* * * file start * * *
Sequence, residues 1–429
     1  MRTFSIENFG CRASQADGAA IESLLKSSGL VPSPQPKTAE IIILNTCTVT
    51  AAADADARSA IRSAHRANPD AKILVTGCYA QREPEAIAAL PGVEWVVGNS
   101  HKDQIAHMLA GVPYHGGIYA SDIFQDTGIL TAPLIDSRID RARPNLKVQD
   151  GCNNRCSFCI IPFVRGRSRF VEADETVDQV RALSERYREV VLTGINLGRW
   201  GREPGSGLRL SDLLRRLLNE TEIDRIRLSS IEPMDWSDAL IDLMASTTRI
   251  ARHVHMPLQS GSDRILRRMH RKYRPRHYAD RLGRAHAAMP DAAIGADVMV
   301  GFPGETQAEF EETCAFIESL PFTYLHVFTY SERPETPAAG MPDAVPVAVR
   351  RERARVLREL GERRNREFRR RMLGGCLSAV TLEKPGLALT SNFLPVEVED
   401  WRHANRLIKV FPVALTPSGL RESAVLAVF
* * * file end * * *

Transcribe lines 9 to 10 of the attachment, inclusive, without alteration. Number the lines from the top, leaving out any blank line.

   351  RERARVLREL GERRNREFRR RMLGGCLSAV TLEKPGLALT SNFLPVEVED
   401  WRHANRLIKV FPVALTPSGL RESAVLAVF